Morpurgo is often asked why he writes so much about war (Friend or Foe, War Horse, Waiting for Anya, Private Peaceful, The Amazing Story of Adolphus Tips and most recently A Medal for Leroy, as well as the chilling What Does it Feel Like? and desolate Half a Man in Singing for Mrs Pettigrew). His usual answer is along the lines that he was shaped by war, growing up in London in the Fifties with rationing and the bomb sites which became fantastical playgrounds, but also knowing at first hand of the missing and mourned, and the returned but horribly wounded: “I write about what I know, what I care about”. However, he also has a unique eye for the essence of humanity in war, the unexpected and astonishing, the worst and the best, the bullies and comrades, unthinking martinets with power and philosophical rebels without it. Private Peaceful is one of Morpurgo’s outstanding books, bleaker by far than War Horse, but for me all the deeper and better for it. It’s a shame that the autumn 2012 film version didn’t get a wider release – worth looking out for.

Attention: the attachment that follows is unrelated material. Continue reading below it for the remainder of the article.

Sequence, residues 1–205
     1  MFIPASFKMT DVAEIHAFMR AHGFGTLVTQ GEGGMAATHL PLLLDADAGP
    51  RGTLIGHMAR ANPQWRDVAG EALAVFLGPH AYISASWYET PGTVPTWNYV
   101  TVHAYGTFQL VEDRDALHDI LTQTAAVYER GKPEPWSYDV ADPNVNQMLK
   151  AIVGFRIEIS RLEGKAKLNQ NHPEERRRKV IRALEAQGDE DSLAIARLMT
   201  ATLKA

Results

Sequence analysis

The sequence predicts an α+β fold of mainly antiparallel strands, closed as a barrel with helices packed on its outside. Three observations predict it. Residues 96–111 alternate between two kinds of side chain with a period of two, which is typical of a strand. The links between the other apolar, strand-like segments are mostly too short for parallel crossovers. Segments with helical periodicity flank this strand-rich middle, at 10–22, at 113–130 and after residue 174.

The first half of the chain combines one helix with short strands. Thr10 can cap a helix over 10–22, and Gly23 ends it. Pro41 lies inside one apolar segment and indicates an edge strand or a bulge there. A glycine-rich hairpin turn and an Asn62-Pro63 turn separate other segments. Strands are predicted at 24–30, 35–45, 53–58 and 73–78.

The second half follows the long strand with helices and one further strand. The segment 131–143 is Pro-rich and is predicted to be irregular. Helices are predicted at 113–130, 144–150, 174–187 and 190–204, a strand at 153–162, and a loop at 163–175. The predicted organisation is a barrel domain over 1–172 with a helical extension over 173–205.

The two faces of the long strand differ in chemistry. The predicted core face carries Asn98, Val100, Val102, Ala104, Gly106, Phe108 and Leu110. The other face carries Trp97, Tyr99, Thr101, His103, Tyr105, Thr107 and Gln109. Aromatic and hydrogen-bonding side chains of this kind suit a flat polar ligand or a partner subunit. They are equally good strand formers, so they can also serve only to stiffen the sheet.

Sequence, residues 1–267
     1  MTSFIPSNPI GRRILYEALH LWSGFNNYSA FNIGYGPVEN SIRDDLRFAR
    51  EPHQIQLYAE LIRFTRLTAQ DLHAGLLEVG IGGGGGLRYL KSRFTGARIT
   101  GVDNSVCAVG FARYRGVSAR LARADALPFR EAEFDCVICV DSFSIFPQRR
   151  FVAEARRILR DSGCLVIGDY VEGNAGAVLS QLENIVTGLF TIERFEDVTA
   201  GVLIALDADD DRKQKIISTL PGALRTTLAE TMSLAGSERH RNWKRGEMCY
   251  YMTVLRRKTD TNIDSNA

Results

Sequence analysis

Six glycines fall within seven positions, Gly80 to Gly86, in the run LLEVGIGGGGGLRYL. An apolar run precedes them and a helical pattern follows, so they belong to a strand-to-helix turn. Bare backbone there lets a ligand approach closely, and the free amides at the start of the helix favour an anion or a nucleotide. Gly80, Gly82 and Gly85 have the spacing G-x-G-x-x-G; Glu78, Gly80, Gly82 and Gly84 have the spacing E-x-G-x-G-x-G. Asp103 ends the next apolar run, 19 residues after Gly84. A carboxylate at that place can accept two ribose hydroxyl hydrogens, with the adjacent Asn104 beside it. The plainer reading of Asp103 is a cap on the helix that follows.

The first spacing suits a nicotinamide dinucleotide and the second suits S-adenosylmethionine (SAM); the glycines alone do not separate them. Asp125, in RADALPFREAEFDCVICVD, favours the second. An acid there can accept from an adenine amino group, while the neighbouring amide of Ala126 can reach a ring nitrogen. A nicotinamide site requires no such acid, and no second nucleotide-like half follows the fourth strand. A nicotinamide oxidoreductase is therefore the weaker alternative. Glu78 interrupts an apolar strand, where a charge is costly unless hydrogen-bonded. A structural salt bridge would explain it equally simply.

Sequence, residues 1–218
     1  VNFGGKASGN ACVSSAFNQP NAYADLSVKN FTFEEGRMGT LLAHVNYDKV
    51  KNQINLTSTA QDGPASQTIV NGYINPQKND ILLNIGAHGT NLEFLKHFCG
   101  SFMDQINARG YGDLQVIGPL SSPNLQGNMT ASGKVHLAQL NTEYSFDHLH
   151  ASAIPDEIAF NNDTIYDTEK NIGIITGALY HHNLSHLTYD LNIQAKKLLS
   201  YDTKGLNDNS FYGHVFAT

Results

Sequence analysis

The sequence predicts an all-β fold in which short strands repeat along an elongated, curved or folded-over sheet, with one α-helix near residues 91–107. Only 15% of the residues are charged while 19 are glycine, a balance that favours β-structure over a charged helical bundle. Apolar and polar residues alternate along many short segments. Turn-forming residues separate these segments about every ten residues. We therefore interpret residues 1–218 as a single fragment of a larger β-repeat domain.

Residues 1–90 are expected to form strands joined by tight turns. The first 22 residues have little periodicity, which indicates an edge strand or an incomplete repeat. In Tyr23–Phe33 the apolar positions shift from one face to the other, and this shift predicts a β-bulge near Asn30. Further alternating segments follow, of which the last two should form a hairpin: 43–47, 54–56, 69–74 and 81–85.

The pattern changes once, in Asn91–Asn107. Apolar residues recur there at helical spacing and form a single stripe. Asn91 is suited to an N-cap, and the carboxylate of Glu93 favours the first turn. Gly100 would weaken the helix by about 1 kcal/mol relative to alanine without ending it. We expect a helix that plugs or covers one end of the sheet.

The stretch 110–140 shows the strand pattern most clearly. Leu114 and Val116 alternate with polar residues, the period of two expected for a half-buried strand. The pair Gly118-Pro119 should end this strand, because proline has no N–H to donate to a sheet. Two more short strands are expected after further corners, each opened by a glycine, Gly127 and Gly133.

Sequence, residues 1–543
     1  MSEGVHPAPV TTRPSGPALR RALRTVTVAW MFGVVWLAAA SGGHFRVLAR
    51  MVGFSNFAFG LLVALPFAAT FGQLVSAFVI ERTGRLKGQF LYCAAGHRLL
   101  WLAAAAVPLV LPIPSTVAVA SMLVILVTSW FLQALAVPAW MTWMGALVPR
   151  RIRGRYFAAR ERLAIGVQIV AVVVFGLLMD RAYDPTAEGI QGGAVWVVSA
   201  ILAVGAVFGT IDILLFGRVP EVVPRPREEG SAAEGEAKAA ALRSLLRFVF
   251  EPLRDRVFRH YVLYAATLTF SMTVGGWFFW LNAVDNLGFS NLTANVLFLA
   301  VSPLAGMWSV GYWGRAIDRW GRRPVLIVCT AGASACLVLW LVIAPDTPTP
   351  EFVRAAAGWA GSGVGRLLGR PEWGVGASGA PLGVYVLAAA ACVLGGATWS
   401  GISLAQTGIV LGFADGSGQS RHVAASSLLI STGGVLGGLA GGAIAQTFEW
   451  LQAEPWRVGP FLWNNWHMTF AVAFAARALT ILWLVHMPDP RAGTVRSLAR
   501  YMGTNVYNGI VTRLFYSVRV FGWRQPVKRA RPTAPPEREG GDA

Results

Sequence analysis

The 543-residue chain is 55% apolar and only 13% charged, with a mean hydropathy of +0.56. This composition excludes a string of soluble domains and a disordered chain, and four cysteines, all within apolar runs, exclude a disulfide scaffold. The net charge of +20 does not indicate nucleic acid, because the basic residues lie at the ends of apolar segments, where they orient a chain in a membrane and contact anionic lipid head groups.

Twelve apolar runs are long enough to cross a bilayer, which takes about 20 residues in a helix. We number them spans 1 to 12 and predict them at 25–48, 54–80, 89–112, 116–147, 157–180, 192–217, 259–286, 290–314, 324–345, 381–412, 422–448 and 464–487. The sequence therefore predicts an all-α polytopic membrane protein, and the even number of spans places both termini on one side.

For brothers Charlie and Tommo Peaceful, there’s nothing idyllic about their peacetime life: their father is killed in a forestry accident (for which Tommo blames himself), their elder brother Big Joe is despised as a “lunatic”, and in their tied cottage, the fatherless family have no choice but to work as and when they may for their ghastly, hypocritical landlord, the Colonel. Outspoken Charlie acquires a reputation as a troublemaker – yet another blackmail-hold for the landlord as recruitment begins in earnest for the First World War – and the two devoted brothers find themselves falling hopelessly for the same local girl. Now, over one long night, Tommo relives the years of strong family bonds and petty bullying that brought the brothers to the point of signing up together, to the horror of the Somme and to Charlie’s fate. Set against the terrible inevitability is an outstanding story: compelling and unaffected in Tommo’s voice, vivid and lyrical with a deep and enduring love. Please don’t give it to a seven-year-old – but do read it and you’ll understand why not, and when to try again, and why it is worth the wait.